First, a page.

Captain Moonlight: From ideals to images

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DES WILSON is all smiles, in his office. Des has put on quite a bit of weight since he helped found Shelter in the Sixties, since he campaigned for lead-free petrol and freedom of information, and chaired Friends of the Earth in the Eighties. Des has even put on weight since he ran the Liberal Democrats' election campaign in 1992. Now Des is vice-chairman, public affairs, of Burson-Marsteller, the big PR people, and his unit has been described by PR Week as 'the hottest ticket in town'.

In just over a year, Des has brought in more than pounds 1m of fees for Burson-Marsteller. His salary is over pounds 100,000 a year. Des, his hand-out informs you, is running the Lord Young-Richard Branson lottery bid (that's the one which sneaked all the publicity because it is non-profit-making and because Des got Desert Orchid to come along to Trafalgar Square for the launch). He has also been taken on by the TUC to help, image-wise. And he's not got long now, because John Edmonds, general secretary of the GMB, is due in half an hour.

There has been flak. Some people have purported to find an incongruity in ITN's Environmentalist of the Decade (the Eighties) working for a firm which has represented Union Carbide (after the Bhopal disaster) and Exxon (after the Valdez disaster), and whose clients include British Nuclear Fuels, Fisons, Glaxo and ICI. A defiant Des has been quoted as saying: 'My friends understand and f--- my enemies . . . I don't need to defend myself.'

But this is a decontexted Des: 'There is this image of me as a humourless bore. I'm not one of those people who go round being an angry man. I have never been tuned into the self-indulgent, sanctimonious side of the voluntary sector.'

So the real Des takes me through his career move. 'I was coming up 50. I had reached the point where people crossed the street when they saw me coming - 'here's Des with another campaign, another cause we must care about'. I had no pension, I had asked my family to sacrifice a lot over the years (Des has been married three times) and so I thought it was time to make some money.'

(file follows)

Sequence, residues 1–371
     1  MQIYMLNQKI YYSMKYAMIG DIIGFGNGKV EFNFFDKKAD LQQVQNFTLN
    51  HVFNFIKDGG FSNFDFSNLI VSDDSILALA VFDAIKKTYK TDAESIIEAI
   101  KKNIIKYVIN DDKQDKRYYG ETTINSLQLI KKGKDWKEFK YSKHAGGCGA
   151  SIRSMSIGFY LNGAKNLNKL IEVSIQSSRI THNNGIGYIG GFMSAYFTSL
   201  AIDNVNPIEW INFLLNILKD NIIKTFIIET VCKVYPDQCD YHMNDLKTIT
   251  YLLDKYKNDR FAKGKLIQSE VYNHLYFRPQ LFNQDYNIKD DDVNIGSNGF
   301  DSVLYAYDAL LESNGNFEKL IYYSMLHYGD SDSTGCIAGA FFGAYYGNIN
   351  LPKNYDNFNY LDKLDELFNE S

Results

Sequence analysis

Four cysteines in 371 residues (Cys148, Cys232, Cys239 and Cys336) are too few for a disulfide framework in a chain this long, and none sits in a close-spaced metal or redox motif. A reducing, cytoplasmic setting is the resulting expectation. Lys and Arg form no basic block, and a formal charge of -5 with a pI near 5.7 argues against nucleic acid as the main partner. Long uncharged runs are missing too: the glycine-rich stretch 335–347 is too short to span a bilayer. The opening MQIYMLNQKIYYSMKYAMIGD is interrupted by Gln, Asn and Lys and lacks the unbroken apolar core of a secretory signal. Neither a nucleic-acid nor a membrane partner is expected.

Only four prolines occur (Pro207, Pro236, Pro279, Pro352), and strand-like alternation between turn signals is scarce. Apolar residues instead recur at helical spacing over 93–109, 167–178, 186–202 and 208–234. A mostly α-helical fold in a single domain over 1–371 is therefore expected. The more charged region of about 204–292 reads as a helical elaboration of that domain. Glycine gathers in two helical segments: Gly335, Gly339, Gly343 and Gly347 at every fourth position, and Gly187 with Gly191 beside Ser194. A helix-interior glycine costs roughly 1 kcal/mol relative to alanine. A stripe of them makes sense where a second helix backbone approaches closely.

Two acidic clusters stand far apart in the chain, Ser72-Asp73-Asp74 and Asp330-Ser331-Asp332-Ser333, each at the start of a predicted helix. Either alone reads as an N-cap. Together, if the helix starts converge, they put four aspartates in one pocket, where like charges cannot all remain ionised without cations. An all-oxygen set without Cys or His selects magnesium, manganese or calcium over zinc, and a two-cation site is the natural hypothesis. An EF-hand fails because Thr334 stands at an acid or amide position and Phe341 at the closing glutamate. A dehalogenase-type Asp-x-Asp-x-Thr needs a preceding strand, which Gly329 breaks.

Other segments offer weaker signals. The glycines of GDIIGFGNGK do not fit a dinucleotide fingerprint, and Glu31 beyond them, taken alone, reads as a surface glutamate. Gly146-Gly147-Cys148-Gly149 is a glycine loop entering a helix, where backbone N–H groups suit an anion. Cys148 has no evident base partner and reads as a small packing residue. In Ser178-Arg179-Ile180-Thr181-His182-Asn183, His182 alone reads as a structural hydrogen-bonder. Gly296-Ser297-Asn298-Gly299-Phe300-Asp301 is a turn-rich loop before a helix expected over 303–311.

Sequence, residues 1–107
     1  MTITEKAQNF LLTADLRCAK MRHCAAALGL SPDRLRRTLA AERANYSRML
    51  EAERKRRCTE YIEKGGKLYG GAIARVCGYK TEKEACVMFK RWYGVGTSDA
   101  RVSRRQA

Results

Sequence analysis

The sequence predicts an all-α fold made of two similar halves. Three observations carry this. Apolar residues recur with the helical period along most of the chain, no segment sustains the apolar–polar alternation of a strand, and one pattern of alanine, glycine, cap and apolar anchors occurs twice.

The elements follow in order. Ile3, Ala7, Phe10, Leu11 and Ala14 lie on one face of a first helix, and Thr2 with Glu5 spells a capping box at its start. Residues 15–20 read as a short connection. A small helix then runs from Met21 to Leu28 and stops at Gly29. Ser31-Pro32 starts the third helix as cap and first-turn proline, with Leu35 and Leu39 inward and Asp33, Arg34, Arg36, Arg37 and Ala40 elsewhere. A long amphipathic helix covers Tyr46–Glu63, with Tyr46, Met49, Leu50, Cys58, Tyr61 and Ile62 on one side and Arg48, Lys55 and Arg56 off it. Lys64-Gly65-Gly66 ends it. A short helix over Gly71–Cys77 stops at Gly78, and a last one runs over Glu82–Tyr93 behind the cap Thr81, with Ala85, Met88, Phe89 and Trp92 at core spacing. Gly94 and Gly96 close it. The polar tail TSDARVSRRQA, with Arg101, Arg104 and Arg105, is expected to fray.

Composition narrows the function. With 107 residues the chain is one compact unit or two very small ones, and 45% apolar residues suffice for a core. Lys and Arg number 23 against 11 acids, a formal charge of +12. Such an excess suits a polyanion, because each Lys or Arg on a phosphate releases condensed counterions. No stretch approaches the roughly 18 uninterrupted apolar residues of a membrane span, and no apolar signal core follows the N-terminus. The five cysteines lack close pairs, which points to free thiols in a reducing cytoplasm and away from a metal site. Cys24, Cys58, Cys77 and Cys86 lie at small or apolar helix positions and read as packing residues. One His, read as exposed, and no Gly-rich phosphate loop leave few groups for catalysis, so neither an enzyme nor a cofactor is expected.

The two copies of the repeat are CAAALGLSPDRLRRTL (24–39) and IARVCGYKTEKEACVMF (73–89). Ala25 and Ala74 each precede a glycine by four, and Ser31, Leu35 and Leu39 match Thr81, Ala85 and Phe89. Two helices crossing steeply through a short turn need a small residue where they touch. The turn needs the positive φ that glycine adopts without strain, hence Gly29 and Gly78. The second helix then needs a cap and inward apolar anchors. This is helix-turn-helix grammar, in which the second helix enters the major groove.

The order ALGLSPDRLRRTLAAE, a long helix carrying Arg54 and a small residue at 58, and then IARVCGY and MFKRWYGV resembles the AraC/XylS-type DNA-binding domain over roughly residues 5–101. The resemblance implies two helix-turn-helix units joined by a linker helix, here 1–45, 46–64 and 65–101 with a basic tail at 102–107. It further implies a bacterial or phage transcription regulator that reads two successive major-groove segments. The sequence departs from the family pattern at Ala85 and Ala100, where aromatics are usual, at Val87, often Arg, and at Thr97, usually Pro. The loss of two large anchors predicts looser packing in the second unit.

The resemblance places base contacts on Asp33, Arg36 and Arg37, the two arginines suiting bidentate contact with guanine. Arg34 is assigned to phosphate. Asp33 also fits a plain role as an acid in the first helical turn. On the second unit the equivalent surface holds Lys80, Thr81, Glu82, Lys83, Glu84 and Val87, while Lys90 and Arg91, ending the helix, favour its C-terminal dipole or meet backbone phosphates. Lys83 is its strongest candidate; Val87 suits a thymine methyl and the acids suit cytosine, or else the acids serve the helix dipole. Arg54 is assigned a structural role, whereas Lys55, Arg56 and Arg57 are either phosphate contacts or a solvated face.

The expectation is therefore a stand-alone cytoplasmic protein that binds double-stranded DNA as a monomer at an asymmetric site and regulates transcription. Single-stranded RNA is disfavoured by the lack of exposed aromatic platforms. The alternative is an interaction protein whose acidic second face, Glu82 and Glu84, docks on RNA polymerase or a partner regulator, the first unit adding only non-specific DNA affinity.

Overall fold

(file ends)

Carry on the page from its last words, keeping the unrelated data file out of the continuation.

This is the Des who worked for the Liberal Democrats for nothing - and for precious little thanks - for two years, the Des who used to doss in cheap King's Cross hotels between the last meeting and the first breakfast meeting, the Des who had come from New Zealand wanting to watch a lot of cricket and movies and had managed very little of either.

It is a mark of Des's particular talents that none of this sounds defensive. The way Des tells it, he decided that he had done his bit for society, it was time to hand over and enjoy some of the other things in life, the monied philanthropist who sees the light in reverse.

He does point out, though, that his contract allows him a veto over whom he will work for; and that his clients also include Mencap, the big British overseas aid charities and a scheme to create a University of Lincolnshire, Des's new adopted county. (He also has a small flat on the Costa del Sol, paid for by his excursions into thriller writing, one set in Spain, the other in an election campaign.)

Des says that the Young-Branson lottery's commitment to good causes will be of more use than he ever was. Des talks about 'campaigning public affairs' and about still being an 'advocate at the court of public opinion' even if he no longer has quite the passion for the causes that hire him as for the causes that fired him. But he brings his enthusiasm, he says, and he still works quite hard: 6.30am start this particular morning, 7pm finish.

Ask him what he is most proud of, and it is his chairmanship of Friends of the Earth. Ask him what the next great campaigns should be, and he points to education and the health service. Always campaign for the attainable is Des's advice: 'I'm not saying you shouldn't have that great dream or ideal, but people who have changed the world at all are those who have recognised what is possible in their lifetime and their circumstances. If I've edged the world vaguely in the right direction I've done more than most people.'

And more than those criticising him now: 'I'll trade what I've contributed to society alongside anyone. There's an enormous sense of comfort knowing that you've done your bit. That's the advantage of doing it this way round. And I actually feel I'm rather entitled to enjoy myself.'

Nevertheless, you do feel that Des might just have one more big one left in him. I did try to get him interested in our Dirty Dogs Campaign, but, sadly, he was resolutely unfired. He continued to beam, though, even if John Edmonds had still not arrived.

(Photograph omitted)